Budgeting for a Bigger Home in Retirement

As with any major purchase, you need to think about your budget and finances first before you decide to buy a bigger home. If you have a sizable amount of debt, you will want to start by coming up with a feasible plan to pay it down or completely off. In many states, consumers can turn to debt relief agencies for help coming up with this plan. You’ll need to factor in your amount of debt, employment situation, and ability to make payments to figure out which solution is right.

Once you have your debts paid down, you should have an easier time qualifying for home loans. You’ll also want to determine how much home you can afford before you begin submitting those applications. While this may seem like a daunting task, there are plenty of tools available online that make it simple, including calculators and worksheets.

Finally, you will want to figure out how much you will get from the sale of your current home. You can reach out to an experienced local real estate agent for a CMA (Comparative Market Analysis), but you also need to factor in any needed repairs into your estimated profit. For example, if your windows are cracked, repairing them could cost you anywhere from $170 to
$375. However, repaired windows can add curb appeal to your home, making it a worthwhile expense.

Finding Enough Room for Retirement

Now that you’re done with your finances, you can start looking for a home. You can check out local real estate sites or blogs like Walnut Creek Lifestyle for tips on searching and buying, but you may also want to start by hiring the right real estate agent.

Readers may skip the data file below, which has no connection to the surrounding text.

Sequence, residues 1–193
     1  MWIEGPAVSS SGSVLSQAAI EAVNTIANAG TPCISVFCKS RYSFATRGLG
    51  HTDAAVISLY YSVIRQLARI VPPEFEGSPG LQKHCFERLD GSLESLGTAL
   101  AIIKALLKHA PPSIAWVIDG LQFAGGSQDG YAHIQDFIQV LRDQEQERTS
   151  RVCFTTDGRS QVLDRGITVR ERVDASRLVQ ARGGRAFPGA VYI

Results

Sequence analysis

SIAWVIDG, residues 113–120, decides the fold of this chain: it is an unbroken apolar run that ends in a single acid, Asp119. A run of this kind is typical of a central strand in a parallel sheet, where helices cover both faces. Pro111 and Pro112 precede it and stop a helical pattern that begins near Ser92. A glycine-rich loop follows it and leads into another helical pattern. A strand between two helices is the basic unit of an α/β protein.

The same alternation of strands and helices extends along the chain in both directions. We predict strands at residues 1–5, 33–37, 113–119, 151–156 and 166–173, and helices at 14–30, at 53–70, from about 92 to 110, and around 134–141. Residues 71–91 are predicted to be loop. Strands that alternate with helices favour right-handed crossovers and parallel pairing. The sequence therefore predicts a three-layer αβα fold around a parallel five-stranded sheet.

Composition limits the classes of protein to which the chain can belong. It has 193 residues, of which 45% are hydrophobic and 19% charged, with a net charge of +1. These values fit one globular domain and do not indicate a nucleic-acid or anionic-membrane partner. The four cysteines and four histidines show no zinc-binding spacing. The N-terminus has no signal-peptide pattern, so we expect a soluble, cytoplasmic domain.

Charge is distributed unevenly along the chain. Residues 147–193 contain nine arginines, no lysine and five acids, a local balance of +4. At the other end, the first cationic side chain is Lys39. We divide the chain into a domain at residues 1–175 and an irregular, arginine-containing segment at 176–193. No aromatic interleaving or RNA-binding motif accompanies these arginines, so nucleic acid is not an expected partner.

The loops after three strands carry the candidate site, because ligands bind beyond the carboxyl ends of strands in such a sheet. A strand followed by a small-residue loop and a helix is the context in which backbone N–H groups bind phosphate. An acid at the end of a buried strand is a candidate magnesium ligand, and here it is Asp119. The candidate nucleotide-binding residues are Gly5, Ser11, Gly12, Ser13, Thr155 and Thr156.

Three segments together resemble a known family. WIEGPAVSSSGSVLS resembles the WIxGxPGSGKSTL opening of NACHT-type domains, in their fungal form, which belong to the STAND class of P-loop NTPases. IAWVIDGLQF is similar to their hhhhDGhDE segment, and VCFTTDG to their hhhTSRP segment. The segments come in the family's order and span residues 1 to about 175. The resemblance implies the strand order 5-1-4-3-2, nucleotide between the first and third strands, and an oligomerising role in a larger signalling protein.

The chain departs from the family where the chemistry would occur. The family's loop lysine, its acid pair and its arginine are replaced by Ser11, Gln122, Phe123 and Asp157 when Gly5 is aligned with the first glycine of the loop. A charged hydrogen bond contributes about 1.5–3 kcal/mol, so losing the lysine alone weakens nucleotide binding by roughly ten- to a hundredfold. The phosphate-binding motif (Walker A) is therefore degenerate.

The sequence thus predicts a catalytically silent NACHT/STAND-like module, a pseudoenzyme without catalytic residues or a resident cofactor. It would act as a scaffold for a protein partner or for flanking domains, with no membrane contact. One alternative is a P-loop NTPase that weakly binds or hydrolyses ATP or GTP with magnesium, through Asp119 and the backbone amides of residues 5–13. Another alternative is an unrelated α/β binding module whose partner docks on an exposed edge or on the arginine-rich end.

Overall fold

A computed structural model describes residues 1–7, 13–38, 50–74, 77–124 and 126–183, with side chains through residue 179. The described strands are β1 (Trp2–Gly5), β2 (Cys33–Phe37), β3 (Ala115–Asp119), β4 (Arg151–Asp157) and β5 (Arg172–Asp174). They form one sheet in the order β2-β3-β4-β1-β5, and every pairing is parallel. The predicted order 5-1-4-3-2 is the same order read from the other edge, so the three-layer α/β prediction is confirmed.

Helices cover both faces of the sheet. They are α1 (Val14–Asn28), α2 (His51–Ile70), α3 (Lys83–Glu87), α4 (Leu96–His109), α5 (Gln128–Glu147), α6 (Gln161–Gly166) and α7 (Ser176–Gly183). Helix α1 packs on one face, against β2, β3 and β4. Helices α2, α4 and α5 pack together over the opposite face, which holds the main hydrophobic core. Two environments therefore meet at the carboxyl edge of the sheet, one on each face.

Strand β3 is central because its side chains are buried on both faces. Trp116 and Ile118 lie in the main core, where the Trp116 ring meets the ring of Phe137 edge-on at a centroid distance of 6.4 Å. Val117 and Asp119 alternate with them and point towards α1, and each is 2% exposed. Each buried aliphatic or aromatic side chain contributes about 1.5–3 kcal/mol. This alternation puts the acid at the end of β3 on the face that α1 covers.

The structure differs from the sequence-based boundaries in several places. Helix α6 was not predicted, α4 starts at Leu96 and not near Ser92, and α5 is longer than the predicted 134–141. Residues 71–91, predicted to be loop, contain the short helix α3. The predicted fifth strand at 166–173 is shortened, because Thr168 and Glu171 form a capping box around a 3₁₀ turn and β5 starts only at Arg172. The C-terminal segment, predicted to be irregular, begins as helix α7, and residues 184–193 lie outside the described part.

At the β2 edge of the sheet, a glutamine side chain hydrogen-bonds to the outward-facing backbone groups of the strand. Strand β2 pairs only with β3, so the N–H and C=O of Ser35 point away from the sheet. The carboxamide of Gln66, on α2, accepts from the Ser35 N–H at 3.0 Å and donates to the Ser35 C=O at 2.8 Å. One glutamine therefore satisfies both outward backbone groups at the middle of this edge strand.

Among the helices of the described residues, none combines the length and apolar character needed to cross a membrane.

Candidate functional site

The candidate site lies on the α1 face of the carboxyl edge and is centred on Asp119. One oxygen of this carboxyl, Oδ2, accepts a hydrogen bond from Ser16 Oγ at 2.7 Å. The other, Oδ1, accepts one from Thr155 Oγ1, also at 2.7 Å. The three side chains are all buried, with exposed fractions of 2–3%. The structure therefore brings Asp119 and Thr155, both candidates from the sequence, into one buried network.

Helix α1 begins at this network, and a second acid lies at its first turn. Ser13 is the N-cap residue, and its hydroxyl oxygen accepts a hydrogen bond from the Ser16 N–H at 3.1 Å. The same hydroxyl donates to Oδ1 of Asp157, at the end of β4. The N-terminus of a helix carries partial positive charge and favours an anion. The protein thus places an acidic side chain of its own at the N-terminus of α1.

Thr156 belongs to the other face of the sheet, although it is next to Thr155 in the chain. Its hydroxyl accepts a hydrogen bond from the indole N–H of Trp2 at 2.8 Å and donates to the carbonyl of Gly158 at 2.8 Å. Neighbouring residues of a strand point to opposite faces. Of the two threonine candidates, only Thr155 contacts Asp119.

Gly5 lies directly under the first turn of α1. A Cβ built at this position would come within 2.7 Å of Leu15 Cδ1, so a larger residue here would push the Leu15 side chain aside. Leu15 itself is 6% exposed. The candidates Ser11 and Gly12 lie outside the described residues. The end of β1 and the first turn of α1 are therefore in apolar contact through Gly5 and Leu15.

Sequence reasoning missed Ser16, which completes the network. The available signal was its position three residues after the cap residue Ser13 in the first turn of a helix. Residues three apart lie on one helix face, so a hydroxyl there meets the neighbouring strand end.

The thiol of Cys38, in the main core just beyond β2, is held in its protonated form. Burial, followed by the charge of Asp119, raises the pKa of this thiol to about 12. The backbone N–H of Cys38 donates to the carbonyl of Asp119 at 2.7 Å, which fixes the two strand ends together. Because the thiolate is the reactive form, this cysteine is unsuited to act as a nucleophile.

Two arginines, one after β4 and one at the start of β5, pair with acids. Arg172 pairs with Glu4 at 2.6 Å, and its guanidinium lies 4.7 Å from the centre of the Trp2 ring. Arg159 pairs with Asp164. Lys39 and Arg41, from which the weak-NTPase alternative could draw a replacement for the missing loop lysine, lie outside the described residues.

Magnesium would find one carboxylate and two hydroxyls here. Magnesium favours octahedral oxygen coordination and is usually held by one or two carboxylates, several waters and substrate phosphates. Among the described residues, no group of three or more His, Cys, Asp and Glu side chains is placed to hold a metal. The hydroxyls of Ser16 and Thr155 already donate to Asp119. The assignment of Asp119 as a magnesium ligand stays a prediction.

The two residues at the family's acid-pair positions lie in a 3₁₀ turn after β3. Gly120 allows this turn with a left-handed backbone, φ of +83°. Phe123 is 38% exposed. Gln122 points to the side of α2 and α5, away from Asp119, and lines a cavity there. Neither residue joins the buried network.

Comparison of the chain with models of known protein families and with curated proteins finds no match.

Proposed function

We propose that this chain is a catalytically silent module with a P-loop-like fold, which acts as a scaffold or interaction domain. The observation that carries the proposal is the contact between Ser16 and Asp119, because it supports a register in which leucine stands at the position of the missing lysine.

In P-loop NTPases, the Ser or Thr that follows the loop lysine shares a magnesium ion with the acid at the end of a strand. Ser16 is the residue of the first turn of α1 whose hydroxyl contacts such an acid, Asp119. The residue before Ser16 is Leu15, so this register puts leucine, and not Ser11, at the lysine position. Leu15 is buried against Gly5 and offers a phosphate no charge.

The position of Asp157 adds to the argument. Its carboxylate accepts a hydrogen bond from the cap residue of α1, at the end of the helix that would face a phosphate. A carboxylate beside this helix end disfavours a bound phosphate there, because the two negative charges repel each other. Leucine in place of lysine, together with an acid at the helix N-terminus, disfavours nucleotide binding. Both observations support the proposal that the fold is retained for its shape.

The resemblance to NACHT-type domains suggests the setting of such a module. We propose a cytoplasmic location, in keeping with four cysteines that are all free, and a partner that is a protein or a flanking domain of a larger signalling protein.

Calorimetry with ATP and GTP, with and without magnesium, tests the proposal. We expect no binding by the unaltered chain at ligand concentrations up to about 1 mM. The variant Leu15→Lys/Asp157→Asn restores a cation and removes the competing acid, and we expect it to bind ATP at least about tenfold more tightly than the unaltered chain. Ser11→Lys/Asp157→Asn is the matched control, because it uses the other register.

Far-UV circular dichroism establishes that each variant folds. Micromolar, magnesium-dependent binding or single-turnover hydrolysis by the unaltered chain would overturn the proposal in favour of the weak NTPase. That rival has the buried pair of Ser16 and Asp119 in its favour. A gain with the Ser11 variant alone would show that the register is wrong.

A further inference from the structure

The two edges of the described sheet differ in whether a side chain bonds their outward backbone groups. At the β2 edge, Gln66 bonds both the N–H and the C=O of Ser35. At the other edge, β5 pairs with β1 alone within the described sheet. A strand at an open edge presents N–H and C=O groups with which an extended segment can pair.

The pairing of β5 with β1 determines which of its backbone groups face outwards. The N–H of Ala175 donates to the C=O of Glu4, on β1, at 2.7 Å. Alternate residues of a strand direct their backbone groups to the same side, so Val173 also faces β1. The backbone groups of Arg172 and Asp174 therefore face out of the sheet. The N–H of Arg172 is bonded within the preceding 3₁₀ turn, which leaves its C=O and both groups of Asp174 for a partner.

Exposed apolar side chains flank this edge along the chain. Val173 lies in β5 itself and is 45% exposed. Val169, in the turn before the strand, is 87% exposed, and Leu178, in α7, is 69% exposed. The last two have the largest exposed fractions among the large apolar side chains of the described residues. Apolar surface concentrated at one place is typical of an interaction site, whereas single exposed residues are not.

A real estate agent can also narrow down home choices to ones that include the features you want most in retirement. For instance, if you plan on homesteading and hosting family members, a larger yard or land may be necessary. Then you will have plenty of space to play with the grandkids or grow your own vegetable garden and raise livestock.

Depending on the sort of hobbies you plan on taking up, you may also want to look for a home that includes a shed or workshop. You can always add one later, so long as you have the extra acreage. Also, make sure the features inside your home will keep you and your loved ones comfortable for years to come. This could mean making sure there’s an extra room that can be turned into a playroom or smart home features that can be used for aging in place.

Planning a Safe and Stress-Free Move

Once the deals are done, you’ll need to plan for a safe and problem-free move. For seniors, this may mean hiring professionals to help you pack and move your belongings. Otherwise, you could end up overdoing it and injuring yourself trying to do it on your own.